I fired two rounds of each load into the gel. Remember, we’re looking for something like 12 to 18 inches of penetration along with 150% expansion. The 147-grain loads did pretty much the same thing with the carbine that we saw in our original short barrel pistol tests. This is not surprising because there was very little change in velocity. Expansion and penetration were both excellent.
The 124 HSTs also looked really good. Even the +P, which was moving 153 feet per second faster out of the carbine, still managed to have good performance. There was a little more expansion here than when either of these were fired out of the M&P Compact in our original tests and there was around 4 to 5 inches less penetration, but it was still within the ideal range. [M&P9c 124gr HST results. 124gr +P results]
Okay, now the Gold Dots, and here’s where things really get interesting.
The standard pressure 124-grain Gold Dots only penetrated 10 inches. The +Ps made it to 15 inches, but take a look at these bullets. This is beyond controlled expansion. This is uncontrolled deformation.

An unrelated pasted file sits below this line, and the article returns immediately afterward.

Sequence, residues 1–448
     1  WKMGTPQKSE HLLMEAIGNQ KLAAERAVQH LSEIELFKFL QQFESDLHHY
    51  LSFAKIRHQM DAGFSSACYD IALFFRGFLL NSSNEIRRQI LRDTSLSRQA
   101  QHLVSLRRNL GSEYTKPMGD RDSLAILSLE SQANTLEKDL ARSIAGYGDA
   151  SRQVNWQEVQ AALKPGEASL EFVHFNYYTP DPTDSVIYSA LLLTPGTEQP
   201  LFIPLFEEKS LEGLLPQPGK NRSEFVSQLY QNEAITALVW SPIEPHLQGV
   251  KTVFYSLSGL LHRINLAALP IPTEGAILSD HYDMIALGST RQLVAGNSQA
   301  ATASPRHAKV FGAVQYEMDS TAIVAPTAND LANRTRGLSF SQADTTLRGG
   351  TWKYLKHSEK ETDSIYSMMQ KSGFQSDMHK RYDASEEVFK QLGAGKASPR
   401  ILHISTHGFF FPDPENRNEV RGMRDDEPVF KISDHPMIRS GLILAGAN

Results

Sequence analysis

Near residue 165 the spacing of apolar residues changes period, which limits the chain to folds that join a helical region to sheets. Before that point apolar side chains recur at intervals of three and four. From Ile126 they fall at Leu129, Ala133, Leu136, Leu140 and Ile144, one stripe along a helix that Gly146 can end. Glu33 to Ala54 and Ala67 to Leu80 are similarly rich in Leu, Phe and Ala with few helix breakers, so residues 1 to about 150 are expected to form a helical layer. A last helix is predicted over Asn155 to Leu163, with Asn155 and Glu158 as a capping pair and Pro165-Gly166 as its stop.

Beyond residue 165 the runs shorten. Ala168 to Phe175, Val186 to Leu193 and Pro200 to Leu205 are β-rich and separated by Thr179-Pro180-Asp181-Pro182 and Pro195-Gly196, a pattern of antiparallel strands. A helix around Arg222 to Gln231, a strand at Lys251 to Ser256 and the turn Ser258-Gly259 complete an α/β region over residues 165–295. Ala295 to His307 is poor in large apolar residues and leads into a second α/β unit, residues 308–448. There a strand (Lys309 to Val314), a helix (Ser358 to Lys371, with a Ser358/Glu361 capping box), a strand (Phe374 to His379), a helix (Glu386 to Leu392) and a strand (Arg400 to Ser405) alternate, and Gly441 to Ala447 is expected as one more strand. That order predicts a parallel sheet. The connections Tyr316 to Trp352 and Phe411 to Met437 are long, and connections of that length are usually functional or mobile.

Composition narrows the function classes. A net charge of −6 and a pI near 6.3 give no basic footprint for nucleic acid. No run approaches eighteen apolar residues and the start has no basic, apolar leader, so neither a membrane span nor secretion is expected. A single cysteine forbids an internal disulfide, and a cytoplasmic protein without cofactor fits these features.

For comparison, this is what Gold Dots normally look like when they expand like they’re supposed to.
So on one hand, yes, this is impressive expansion and I’m sure it would really hurt and the +Ps did have sufficient penetration. But it’s also obvious these bullets were not designed to be pushed to 1400 feet per second. Just by changing something small like shooting them out of your carbine instead of mine, they could easily under penetrate. They might also have poor accuracy, or otherwise behave unpredictably.
So what can we learn from all of this? Well, if I was choosing from among these six loads, I would pick one of the two 147-grain HSTs for a home defense 9mm carbine. I’d probably go with the standard pressure version. It tends to have better availability and it seems to have a better reputation from use in law enforcement. The velocity numbers are nothing special but that load does so well even at lower velocities that it doesn’t really matter.